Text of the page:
Security’s a hotbed of complexity – many different kinds of threats, technology that’s evolving all the time, and businesses can’t keep up. Changing standards and incredibly complicated threats make most non-technical buyers either throw the problem over the wall to their technology team (and miss out on the value of a business-led security approach) or their eyes glaze over at the mere mention of security and never really give it the attention it requires.
And what’s worse is that this complexity isn’t getting better, it’s getting worse. That’s why we all need to get over our apprehension, fear, boredom, and whatever else is keeping us from really understanding what we need to do in security. The best way to do that is to keep a business-value focus on it, making sure we learn what we need without digging too deep into the weeds and getting frustrated?
Bridge the divide between the highly complex and the need-to-know by focusing on three core, interrelated areas:
- Digital trust: Your ability to succeed in the digital environment requires that your trading partners (customers, suppliers, external stakeholders) trust you to be ethical, legally operating, and practicing up to date security procedures to protect their data and IP. If others start to doubt your ability to secure your own data or theirs, you are dead as a business. It’s pretty simple as a concept and amazingly complex when executing.
- OneOffice: Digitization and the renewed rise of customer-centricity mean that the wall between back office and front office has collapsed – everyone in a company is customer facing in this age where customers have significant visibility into our internal operations. That means your security policies, procedures, and risk approaches need to be brought up from the basement and shared across your entire organization.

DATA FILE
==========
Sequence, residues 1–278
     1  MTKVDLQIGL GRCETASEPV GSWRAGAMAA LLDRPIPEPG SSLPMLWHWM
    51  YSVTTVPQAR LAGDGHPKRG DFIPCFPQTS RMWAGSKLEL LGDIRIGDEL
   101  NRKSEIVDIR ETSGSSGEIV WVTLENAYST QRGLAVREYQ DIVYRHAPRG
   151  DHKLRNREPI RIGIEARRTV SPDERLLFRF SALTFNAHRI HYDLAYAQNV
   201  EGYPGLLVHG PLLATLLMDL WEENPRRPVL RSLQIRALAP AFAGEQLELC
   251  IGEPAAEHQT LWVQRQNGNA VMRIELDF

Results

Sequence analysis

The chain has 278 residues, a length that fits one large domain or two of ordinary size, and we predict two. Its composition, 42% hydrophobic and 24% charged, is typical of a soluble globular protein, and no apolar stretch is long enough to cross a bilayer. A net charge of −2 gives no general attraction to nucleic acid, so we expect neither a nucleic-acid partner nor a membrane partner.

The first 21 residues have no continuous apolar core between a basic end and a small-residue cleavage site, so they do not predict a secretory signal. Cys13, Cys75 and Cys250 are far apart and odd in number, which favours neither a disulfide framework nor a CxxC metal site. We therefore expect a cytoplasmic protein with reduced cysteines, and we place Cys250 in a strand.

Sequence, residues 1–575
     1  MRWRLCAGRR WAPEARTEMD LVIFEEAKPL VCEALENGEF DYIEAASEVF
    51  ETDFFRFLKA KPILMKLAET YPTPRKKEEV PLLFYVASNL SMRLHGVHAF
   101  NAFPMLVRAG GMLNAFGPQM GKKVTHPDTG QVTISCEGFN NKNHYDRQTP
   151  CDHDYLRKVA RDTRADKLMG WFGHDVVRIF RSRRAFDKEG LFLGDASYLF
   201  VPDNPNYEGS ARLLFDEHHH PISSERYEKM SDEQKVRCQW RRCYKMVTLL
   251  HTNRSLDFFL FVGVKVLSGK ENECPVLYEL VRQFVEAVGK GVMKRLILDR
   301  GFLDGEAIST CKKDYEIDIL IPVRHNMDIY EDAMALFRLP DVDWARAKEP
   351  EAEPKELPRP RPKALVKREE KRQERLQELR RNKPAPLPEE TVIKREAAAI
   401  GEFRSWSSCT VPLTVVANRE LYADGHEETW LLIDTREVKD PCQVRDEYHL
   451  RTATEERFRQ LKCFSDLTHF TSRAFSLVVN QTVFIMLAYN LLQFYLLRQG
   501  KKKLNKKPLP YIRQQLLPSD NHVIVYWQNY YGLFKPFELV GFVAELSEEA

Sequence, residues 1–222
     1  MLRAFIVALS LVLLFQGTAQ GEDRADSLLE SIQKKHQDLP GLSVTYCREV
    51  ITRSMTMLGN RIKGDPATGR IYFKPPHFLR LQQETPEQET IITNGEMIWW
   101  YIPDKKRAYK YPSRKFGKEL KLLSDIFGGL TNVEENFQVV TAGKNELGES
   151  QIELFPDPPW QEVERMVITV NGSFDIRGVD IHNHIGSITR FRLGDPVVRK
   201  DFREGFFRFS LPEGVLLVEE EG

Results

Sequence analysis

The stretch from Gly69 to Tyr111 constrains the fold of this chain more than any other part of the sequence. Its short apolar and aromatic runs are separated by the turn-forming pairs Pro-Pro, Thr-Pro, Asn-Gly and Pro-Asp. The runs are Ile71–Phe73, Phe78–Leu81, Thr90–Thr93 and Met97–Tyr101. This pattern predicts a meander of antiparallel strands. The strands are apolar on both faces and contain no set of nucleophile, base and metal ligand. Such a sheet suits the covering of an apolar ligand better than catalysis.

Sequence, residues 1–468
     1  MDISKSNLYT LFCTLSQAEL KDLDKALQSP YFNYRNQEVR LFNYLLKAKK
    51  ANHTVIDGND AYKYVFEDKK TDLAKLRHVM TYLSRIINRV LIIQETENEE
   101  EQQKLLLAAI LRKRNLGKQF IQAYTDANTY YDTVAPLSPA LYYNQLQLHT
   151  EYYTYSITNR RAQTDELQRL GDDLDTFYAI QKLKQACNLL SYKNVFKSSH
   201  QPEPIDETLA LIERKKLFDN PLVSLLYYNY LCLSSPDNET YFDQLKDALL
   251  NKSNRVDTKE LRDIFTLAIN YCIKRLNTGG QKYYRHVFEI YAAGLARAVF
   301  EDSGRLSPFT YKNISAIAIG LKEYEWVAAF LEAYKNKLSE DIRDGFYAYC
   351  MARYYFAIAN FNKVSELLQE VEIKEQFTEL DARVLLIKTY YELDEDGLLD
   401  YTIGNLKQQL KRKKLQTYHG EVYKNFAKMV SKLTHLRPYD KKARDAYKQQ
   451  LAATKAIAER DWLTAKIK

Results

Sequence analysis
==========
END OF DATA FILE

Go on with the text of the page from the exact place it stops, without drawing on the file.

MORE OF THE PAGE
- Shared responsibility: Security isn’t just something you worry about within your four walls anymore. As data and IP get shared across trading partners, the need for a shared view on securing digital assets becomes critical. Everyone in a trading network owes the other members a secure environment, so sharing accountability for security will become the new normal.
We started our security resolution early by publishing new research that defines the eight prerequisites of digital trust, including data integrity, business alignment, and device security, among others. And then we’ll be building on that by publishing our findings on how well service providers can help clients with managed security services for digital trust in February 2017.
Don’t be intimidated by security challenges, put them in the context of your business and make progress toward digital trust. Here’s to a secure, business-focused 2017!
Posted in : Security and Risk